STAGER, ANSON (20 Apr. 1825-26 Mar. 1885), a pioneer in telegraphy, was born in Ontario County, N.Y., son of Joseph and Elmira Stager. At age 16 he worked on the Rochester Daily Advertiser, owned by Henry O'Reilley, who also had a contract to construct a line of Morse's electromagnetic telegraph from Philadelphia to the Midwest. Stager learned telegraphy and in 1846 became an operator on, and later manager of, the first line between Harrisburg and Philadelphia. In 1847 he became general superintendent of the Pittsburgh, Cincinnati, & Louisville Telegraph Co. In 1852, he was appointed general superintendent of the New York & Mississippi Valley Printing Telegraph Co. Stager came to Cleveland as general superintendent of Western Union Telegraph Co. in 1856 after helping JEPTHA H. WADE consolidate various lines into that company earlier that year.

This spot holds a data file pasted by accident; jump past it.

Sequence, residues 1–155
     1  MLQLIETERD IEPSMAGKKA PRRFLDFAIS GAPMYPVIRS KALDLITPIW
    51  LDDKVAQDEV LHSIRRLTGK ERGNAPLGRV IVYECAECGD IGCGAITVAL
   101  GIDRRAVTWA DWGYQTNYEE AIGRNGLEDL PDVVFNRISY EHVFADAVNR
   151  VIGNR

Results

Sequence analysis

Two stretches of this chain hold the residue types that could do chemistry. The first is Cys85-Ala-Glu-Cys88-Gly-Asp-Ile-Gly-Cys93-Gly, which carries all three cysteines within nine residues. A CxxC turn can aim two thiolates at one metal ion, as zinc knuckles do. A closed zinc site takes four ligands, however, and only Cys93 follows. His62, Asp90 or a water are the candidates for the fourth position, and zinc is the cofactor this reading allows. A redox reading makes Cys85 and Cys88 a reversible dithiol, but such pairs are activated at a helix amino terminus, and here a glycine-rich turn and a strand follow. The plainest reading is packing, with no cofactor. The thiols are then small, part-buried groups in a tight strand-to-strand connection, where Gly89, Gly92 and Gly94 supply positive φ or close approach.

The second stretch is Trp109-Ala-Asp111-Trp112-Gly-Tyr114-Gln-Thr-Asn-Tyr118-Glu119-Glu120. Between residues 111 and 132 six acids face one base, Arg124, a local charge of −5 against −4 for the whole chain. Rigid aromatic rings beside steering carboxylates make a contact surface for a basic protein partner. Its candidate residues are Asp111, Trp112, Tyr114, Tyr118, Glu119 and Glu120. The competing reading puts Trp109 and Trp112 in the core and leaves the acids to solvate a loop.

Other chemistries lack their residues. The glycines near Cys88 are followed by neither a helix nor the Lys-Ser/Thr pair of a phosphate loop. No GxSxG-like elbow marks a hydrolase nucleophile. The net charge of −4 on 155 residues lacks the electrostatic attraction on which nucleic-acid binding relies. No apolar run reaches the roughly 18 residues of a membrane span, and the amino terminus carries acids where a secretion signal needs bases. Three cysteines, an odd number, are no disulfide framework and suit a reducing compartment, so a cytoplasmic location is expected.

Following the outbreak of the CIVIL WAR, Stager entered military service as assistant quartermaster of volunteers. In Feb. 1862 he was appointed colonel on the staff of Gen. Henry Halleck, Pres. Lincoln's chief military advisor and general-in-chief at the War Dept. In this position, Stager served as chief of the U.S. Military Telegraph, devising and implementing the military cipher system used throughout the war.

Stager was general superintendent of Western Union until 1869, when he became vice-president of its Central Div. and moved to Chicago, where he remained until his death. Stager is buried at LAKE VIEW CEMETERY.

Stager married Rebecca Sprague in 1847 and had 3 children: Emma, Anna, and Charles. His Euclid Ave. mansion later became the headquarters of the UNIVERSITY CLUB.

Thompson, Robert Luther. Wiring a Continent (1948).

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